Wednesday, July 8, 2009

Willie Morris on Steve McNair and the South

Mississippi is known for it's writers. When you look at a list of Mississippians who wrote books it's a veritable Who's Who of Southern Literature. The most famous Mississippi writers include William Faulkner, Eudora Welty, Tennessee Williams, Larry Brown, Stephen Ambrose, Shelby Foote, John Grisham, and Willie Morris.

Willie Morris was born and raised in Yazoo City, Mississippi. After graduating from high school, he attended the University of Texas at Austin where he served as editor for the school newspaper. Willie was not popular with UT's administration because of his scathing articles against segregation, censorship, and the partnership of politicians with the local oil and gas interests. Willie was so disliked by the administration that UT did not acknowledge his winning of a Rhodes Scholarship with even as much as a letter of congratulations. After returning from his studies in Oxford, Willie worked for a small newspaper in Texas and served as editor of Harper's Magazine in New York City before returning to Mississippi. Willie was the writer-in-residence at Ole Miss for many years. One of his most famous pupils there was a law student that would sit in on his lectures. That law student, named John Grisham later released a "A Time To Kill" with Willie writing the forward. Willie Morris died of a heart attack in 1999, just a few months before the movie of his most famous work, "My Dog Skip" was released.

Willie was a giant football fan and loved keeping up with the in-state talent (note: I'm currently reading his work The Courting of Marcus Dupree which is about a talented MS running back) In 1994, a young man named Steve "Air II" McNair was setting records at Alcorn State. Willie went to visit and ended up writing this article for the New York Times. It's classic Willie Morris. It touches on some of the ideas and themes that consumed his writing: importance of the past, allegiance to a place, the power of land, the glory and disappointment of sports, the meanness and tragedy of racial injustice (I stole this from the Mississippi Writers Page). It's well worth a read.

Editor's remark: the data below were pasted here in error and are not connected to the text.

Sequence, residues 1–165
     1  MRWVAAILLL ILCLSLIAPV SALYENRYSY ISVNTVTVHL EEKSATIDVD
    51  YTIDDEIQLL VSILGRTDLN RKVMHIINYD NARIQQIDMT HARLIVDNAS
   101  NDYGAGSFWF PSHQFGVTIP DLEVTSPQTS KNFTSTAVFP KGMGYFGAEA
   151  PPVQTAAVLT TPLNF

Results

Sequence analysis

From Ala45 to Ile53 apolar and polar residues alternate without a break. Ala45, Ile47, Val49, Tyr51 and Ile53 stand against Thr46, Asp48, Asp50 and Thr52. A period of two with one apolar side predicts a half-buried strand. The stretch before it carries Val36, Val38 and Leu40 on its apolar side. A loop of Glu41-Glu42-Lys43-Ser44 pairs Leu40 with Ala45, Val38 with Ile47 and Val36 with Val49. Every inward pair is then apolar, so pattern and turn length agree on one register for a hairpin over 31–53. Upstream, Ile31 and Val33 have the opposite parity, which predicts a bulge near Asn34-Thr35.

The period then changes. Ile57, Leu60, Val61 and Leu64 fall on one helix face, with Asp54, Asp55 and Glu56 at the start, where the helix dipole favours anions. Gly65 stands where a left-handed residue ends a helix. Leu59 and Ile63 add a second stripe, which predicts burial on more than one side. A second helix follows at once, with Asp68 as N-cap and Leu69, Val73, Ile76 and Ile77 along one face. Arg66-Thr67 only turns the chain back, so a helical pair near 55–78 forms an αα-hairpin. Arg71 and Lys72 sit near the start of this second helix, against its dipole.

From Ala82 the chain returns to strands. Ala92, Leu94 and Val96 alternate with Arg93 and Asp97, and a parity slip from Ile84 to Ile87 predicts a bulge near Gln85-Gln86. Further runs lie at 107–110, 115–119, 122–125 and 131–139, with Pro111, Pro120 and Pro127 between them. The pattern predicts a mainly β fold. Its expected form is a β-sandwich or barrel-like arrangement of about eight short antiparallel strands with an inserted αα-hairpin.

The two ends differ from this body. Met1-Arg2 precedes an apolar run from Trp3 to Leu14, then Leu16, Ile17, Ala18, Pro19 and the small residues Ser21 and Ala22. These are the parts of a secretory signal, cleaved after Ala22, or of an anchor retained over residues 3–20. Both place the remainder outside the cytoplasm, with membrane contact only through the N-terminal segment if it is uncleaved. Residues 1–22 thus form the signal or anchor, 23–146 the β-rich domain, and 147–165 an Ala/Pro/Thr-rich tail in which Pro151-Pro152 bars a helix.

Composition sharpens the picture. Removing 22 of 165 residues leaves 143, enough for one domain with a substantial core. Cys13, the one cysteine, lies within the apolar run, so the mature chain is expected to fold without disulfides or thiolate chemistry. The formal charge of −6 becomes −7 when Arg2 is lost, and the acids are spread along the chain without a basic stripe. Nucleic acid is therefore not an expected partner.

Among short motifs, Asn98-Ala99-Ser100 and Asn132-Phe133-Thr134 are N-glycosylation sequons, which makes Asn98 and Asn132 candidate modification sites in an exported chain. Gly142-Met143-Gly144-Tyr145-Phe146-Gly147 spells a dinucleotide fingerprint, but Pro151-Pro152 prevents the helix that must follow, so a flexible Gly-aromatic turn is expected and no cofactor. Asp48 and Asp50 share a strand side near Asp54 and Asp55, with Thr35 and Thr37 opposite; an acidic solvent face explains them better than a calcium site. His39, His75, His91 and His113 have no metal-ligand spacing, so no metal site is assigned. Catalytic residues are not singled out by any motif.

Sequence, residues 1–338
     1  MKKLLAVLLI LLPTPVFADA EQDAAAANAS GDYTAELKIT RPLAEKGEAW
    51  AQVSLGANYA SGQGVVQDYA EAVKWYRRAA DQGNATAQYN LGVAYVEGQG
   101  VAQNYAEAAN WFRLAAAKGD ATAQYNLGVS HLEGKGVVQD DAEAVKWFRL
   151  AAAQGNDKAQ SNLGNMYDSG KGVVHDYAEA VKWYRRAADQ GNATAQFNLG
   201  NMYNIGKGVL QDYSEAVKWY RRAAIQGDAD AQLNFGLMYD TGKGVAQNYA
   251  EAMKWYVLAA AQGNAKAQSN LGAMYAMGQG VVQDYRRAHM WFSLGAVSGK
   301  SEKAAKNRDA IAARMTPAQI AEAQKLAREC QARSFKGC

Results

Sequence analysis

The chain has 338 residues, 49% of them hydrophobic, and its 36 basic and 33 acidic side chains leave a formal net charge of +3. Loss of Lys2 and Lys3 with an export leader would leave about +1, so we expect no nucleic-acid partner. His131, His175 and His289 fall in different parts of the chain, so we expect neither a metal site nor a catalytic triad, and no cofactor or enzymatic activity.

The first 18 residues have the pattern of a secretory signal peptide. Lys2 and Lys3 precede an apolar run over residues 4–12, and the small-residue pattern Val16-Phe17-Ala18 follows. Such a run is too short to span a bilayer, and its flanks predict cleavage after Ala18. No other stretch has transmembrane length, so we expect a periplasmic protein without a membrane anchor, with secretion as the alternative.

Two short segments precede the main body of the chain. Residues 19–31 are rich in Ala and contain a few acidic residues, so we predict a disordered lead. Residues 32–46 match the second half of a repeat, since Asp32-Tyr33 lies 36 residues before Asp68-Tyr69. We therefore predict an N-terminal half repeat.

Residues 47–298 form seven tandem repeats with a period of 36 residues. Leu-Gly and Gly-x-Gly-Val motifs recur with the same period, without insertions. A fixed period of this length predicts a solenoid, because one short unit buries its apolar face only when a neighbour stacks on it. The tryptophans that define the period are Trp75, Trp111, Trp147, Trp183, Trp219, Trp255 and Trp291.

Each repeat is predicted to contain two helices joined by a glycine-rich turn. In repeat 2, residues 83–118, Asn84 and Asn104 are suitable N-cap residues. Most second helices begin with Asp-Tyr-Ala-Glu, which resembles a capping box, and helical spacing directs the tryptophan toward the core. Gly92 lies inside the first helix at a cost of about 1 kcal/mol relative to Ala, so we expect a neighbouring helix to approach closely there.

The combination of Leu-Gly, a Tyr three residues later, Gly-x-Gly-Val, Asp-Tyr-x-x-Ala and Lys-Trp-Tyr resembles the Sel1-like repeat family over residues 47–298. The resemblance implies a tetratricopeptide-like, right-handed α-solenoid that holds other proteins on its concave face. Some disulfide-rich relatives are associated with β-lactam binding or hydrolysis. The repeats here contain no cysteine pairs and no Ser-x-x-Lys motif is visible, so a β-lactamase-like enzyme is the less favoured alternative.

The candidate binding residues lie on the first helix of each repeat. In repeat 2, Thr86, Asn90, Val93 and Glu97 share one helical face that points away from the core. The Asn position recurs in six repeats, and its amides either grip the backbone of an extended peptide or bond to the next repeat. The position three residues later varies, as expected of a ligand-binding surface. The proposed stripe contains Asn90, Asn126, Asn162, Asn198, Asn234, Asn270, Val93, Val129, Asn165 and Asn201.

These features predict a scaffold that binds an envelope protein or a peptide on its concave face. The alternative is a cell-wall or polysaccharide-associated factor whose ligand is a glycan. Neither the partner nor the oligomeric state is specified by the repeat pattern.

While your at it, I strongly recommend reading "Is There A South Anymore" from a 1986 issue of Southerner Magazine. I love the part towards the end where he talks about what makes the South different: A heightened sense of community, manners, ritual, morality, white/black relations, and the continuity of our culture.

Sunday, July 5, 2009

Remembering Steve McNair

My family came in this weekend and we got to spend a good bit of time together doing things in and around Nashville. Because we were enjoying the day with my three year old niece, I didn’t get to listed to much outside of kids music and if I got to watch TV it was typically Dora the Explorer or Clifford the Big Red Dog. On Saturday we headed down to LP field to watch the 4th of July fireworks from the east bank of the river. We were sitting outside of gate #9 when the family next to us turned on their radio to get the latest on the weather. The first thing that we hear was local sportscaster George Plaster’s voice declaring that Steve McNair had been killed.